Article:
I’m reading Woody Guthrie’s novel, House of Earth and I’m actually on edge because I love it so much. Guthrie was fetishistic about adobe. He wanted an adobe house built with his own hands. Having lived through dust storms he felt adobe was the answer for rural folk. It’a about this couple dreaming of their “house of earth” and is a call to arms against big agribusiness and for class warfare at the time.
It’s one of my new favorites-not surprising since most of my favorite books feature impoverished people in the 30’s and are written in vernacular. It also has one of the longest and earthiest sex scenes ever. I’m not kidding. It was definitely ahead of its time. Guthrie waited to publish it, hoping it would be picked up for a movie, but it never was. It was only discovered recently. Where Steinbeck’s Grapes of Wrath revolved around a family fleeing the dust and seeking a land of milk and honey, Guthrie’s book is for and about the people who stayed behind. It was his land and his people. He lived it.
I gleaned some interesting facts about him from the introduction (by: Douglas Brinkley and Johnny Depp no less!) In addition to performing around town for money, he painted signs, voraciously read and drew pictures.“He joined the Baptist Church, studied faith healing and fortune telling, read Rosicrucian tracts, and dabbled in Eastern Philosophy. He opened a business as a psychic in hopes of helping people with their personal problems. He wanted to be a fufliller of dreams.”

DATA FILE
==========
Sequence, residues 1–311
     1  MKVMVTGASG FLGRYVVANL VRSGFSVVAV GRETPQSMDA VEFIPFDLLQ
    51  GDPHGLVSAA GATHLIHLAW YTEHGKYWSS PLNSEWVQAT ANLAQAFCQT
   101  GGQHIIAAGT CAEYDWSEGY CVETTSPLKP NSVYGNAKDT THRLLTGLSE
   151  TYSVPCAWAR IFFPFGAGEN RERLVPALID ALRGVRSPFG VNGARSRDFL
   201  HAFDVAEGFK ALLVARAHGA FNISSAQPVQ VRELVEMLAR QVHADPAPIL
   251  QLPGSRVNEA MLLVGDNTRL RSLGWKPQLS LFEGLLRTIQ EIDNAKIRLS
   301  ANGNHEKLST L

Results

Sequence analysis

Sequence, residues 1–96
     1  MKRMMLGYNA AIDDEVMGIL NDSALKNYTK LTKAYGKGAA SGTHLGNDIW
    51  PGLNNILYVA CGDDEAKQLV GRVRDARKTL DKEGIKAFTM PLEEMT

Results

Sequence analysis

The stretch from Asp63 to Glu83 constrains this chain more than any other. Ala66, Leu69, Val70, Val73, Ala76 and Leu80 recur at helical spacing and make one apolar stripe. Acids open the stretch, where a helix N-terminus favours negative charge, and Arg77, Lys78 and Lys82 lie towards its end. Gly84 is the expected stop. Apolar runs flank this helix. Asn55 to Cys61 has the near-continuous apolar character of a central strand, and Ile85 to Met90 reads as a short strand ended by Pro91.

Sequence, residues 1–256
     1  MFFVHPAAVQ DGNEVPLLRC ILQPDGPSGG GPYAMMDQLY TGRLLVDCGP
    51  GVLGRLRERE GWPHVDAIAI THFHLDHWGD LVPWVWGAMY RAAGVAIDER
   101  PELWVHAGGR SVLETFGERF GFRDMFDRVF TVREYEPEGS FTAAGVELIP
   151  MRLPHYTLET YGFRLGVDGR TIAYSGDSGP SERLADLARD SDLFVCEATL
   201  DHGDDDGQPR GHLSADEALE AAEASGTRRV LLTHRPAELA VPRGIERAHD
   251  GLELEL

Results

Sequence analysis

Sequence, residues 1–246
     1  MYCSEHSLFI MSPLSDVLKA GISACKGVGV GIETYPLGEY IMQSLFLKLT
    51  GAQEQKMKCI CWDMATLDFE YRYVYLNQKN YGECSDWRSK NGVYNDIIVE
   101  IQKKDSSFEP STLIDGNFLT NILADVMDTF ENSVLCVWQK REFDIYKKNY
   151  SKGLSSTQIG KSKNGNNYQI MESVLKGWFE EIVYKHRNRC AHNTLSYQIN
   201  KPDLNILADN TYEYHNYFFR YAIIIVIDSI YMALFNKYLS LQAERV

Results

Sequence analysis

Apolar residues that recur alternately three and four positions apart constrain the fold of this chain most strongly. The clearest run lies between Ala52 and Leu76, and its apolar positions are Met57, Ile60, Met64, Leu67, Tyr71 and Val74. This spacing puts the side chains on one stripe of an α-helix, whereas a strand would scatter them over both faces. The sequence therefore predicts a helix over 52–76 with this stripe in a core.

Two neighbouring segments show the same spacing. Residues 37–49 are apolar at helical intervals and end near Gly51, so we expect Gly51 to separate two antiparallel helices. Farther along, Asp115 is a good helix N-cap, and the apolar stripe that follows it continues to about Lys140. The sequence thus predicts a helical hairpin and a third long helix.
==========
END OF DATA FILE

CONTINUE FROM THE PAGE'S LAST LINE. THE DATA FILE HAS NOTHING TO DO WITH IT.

It was while busking around New Mexico that Guthrie’s “gospel of adobe” took root. He saw that adobe houses could last ages, as opposed to the rotted out wood shacks the people back home were living in. For five cents he bought USDA Bulletin No. 1720 The Uses of Adobe or Sun-Dried Brick for Farm Building which taught rural folk how to build an adobe house from the cellar up and promoted it for decades.
“If I was aiming to preach you a sermon on the subject, I would get a big lungful of air and say man himself is an adobe house, some sort of old streamlined temple.” -Woody Guthrie
It’s not surprising Guthrie studied philosophy. Reading it, I found passages reminiscent of Hesse’s Siddhartha and Henry Miller’s Tropic of Cancer: “All of the things around him-house, barn, the iron water tank, the windmill, the little hen house, the old Ryckzyck shack, the whole farm, the whole ranch- they were a part of him, the same as an egg from the farm went into his mouth and down his throat was a part of him.“
“Ella May would laugh. She always laughed in way that was easy for her. She laughed best, most times, when the crops, the winds, the debts, the worries, splashed their highest.. Other ones said, ‘Things must be pretty tough over at her house, she’s laughing again.'”
I physically can’t stop playing and singing this Guthrie song Lucinda Williams performed and wrote the music to. “I’ll kiss you in such odd and natural ways, your wife will find out that kissing pays.. I’ll love you once to teach you all your life, the things to do when you are with your wife.” It’s worth a listen. Hauntingly beautiful.